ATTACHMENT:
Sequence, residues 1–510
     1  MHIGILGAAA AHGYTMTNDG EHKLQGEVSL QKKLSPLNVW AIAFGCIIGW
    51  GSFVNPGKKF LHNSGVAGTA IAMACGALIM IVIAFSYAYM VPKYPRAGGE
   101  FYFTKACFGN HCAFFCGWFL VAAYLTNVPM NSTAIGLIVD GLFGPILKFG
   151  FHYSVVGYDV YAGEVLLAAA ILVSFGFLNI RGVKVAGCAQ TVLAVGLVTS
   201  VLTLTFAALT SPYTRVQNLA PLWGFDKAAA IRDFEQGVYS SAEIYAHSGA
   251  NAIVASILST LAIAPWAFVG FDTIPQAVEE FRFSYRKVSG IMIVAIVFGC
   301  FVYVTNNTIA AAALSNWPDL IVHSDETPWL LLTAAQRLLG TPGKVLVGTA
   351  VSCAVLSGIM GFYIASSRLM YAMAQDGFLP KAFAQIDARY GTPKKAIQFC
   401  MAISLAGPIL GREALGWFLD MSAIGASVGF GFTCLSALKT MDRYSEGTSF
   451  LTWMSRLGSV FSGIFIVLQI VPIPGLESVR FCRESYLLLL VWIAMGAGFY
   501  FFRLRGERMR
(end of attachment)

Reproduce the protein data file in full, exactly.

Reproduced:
Sequence, residues 1–510
     1  MHIGILGAAA AHGYTMTNDG EHKLQGEVSL QKKLSPLNVW AIAFGCIIGW
    51  GSFVNPGKKF LHNSGVAGTA IAMACGALIM IVIAFSYAYM VPKYPRAGGE
   101  FYFTKACFGN HCAFFCGWFL VAAYLTNVPM NSTAIGLIVD GLFGPILKFG
   151  FHYSVVGYDV YAGEVLLAAA ILVSFGFLNI RGVKVAGCAQ TVLAVGLVTS
   201  VLTLTFAALT SPYTRVQNLA PLWGFDKAAA IRDFEQGVYS SAEIYAHSGA
   251  NAIVASILST LAIAPWAFVG FDTIPQAVEE FRFSYRKVSG IMIVAIVFGC
   301  FVYVTNNTIA AAALSNWPDL IVHSDETPWL LLTAAQRLLG TPGKVLVGTA
   351  VSCAVLSGIM GFYIASSRLM YAMAQDGFLP KAFAQIDARY GTPKKAIQFC
   401  MAISLAGPIL GREALGWFLD MSAIGASVGF GFTCLSALKT MDRYSEGTSF
   451  LTWMSRLGSV FSGIFIVLQI VPIPGLESVR FCRESYLLLL VWIAMGAGFY
   501  FFRLRGERMR